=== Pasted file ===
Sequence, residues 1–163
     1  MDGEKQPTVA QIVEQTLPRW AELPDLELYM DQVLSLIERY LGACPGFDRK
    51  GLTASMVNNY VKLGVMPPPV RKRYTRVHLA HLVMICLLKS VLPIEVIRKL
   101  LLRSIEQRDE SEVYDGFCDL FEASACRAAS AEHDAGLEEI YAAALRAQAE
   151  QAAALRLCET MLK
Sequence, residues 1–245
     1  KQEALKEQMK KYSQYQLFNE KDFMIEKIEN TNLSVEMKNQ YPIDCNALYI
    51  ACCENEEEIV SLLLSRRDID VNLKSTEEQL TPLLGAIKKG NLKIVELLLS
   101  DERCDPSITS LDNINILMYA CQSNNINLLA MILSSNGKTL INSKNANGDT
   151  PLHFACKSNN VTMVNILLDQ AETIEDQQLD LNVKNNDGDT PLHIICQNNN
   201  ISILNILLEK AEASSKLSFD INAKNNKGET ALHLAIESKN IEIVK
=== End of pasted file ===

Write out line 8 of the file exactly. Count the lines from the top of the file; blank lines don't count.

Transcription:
    51  ACCENEEEIV SLLLSRRDID VNLKSTEEQL TPLLGAIKKG NLKIVELLLS